ISU Professor: Xenophobia Against Asian Americans Has Grown Stronger
Xenophobia and racial hatred against Asian Americans has grown stronger due to the pandemic and the Trump administration's language surrounding it, according to an Illinois State University researcher.
ISU anthropology professor Nobuko Adachi says her research proves it. She’ll discuss her work during a virtual Research Series talk later this month.
Pew Research Center found more than 58% of Asian Americans said they have been victimized and have experienced racially insensitive incidents.
Adachi said an article about a 16-year old Asian American who was beaten convinced her and several colleagues to look into why hatred escalated after COVID began.
“His classmates accused him of having the coronavirus and because of that, the result was him having to go to the emergency room. He was wounded very badly,” said Adachi.
Adachi said words like “China Virus'' and “Communist” used by the Trump administration added fuel to the fire. Adachi sees connections between that language and the Trump administration’s trade dispute with China.
“He had failed and around that time the pandemic started and that’s why he used ‘Chinese communist’ and ‘Chinese virus’ as a scapegoat,” said Adachi.
Adachi said Trump’s rhetoric contributes to a long history of stereotyping Asian Americans as foreigners. This stereotype contributes to the lack of social activism for Asian Americans that is typically seen in Black and Brown communities.
“‘They don’t have a right to say anything.’ That’s the type of attitude Asian Americans are and were forced to think. When I was writing my articles, I found out a very interesting language phenomenon: Black Americans have ebonics, but in an Asian’s case they don’t have any language,” said Adachi.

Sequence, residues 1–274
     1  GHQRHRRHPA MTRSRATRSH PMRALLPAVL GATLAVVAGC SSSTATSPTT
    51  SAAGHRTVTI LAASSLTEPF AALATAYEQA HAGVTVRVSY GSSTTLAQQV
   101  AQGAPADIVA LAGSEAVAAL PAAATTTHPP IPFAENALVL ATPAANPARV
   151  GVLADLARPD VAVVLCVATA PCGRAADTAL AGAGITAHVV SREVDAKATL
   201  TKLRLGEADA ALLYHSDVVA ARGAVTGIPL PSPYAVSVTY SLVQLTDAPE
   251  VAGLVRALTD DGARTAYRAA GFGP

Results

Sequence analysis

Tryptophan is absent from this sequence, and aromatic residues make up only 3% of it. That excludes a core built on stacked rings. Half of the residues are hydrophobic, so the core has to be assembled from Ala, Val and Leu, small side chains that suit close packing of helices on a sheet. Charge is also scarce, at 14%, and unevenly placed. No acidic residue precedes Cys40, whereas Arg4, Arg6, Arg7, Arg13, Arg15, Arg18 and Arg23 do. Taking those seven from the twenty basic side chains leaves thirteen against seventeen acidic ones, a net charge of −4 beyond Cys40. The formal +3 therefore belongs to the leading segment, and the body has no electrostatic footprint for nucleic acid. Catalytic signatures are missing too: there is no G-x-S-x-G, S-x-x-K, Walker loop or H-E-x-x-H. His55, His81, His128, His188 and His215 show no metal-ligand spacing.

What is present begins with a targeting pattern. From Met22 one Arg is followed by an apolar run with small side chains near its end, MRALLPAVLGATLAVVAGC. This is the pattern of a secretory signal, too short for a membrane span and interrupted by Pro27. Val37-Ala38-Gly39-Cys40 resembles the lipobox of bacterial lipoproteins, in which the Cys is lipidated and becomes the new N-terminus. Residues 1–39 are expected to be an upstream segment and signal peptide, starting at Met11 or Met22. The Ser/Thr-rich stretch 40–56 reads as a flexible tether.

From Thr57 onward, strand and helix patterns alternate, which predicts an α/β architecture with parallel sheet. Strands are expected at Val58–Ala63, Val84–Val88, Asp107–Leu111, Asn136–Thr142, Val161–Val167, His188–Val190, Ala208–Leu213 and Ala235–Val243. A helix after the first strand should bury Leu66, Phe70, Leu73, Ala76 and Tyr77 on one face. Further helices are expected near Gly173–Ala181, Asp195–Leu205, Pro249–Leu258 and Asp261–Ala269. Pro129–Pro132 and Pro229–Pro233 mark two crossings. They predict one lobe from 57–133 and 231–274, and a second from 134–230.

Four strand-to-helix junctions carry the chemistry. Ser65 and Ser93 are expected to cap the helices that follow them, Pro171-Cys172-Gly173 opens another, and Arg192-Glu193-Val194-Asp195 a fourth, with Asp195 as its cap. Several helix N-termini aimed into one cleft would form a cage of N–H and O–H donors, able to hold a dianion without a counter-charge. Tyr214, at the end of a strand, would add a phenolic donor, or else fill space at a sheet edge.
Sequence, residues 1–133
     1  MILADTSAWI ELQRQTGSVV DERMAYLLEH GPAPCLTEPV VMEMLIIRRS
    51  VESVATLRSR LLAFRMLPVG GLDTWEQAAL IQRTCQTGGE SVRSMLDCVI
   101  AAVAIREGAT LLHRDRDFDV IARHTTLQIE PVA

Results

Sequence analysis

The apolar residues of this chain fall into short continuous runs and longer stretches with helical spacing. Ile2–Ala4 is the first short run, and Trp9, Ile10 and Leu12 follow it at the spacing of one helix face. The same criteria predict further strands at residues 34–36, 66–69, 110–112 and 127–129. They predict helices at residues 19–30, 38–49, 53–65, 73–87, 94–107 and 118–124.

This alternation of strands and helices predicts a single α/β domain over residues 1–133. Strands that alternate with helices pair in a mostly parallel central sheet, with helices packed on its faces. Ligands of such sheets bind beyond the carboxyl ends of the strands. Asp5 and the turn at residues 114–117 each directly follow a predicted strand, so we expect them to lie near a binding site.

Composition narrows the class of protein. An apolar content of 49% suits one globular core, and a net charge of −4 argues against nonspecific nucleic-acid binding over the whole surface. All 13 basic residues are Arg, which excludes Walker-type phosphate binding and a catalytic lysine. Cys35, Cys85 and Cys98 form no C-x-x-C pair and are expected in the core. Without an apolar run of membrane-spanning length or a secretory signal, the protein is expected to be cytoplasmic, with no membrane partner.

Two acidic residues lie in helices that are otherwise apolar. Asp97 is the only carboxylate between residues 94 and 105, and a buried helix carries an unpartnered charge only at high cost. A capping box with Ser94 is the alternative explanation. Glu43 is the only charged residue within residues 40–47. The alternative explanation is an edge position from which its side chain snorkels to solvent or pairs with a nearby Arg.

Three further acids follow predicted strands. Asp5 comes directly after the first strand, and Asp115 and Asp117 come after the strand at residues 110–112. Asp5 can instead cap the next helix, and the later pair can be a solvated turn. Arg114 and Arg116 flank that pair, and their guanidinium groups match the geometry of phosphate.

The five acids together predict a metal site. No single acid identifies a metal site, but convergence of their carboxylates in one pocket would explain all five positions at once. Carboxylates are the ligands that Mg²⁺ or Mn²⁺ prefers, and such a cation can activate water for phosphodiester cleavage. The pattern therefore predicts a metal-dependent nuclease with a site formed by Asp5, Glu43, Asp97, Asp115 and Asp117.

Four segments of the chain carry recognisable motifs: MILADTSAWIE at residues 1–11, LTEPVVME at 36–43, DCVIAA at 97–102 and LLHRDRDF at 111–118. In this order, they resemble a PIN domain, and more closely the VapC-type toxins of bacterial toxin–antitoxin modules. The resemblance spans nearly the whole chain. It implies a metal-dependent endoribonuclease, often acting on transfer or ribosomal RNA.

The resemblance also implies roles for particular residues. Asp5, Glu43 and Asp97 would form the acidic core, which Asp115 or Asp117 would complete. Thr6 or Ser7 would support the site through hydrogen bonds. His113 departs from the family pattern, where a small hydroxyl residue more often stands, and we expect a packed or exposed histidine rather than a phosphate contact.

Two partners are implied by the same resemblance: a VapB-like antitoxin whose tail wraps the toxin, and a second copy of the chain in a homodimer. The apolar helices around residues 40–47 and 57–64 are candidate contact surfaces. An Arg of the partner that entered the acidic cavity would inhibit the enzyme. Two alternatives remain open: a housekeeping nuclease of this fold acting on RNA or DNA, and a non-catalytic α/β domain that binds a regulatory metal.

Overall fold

Ebonics is American black English some regard as a language in its own right rather than as a dialect of standard English. Adachi said having the actual language gives them stature Asians do not have.
“Black Americans are really socially and economically discriminated against. But they are Americans and people do not doubt their citizenship,” said Adachi.
Adachi acknowledges not all politicians have neglected the issue. President Joe Biden has signed an executive order condemning "racism, xenophobia and intolerance" against the country's Asian American community as part of a broader plan to combat racial injustice.
Adachi said racism will always be there. It is up to politicians to change the conversation surrounding Asian Americans.
“We have to be very careful what kind of language we use,” she said.
Adachi is originally from Japan, and said she faces racism every day, she said, noting a date once told her, “Asian girls like to date white men.”
“I was so ashamed. Why did I even go out to eat with him? I paid for my sushi and I just left. And those kinds of things … I mean just because I’m Asian, people look at me like that,” said Adachi.
She said because many in society view Asian Americans as foreigners, they tend to minimize experiences like hers.
“Those kinds of things traumatize our life,” said Adachi. “It’s a big thing for individual people. But because people think that ‘it’s not a bad enough thing to vocalize’ that’s another reason people don’t vocalize because people just look at us like that.”
Asian Americans make up 5.6% of the U.S. population. Adachi said it is about time people realize how Asian Americans suffer.
Adachi’s talk is titled “Yellow Peril Redux: Reformation of Racial Assaults Toward Asians in Diaspora During the Pandemic.” The talk will be held at noon Feb. 19 on Zoom.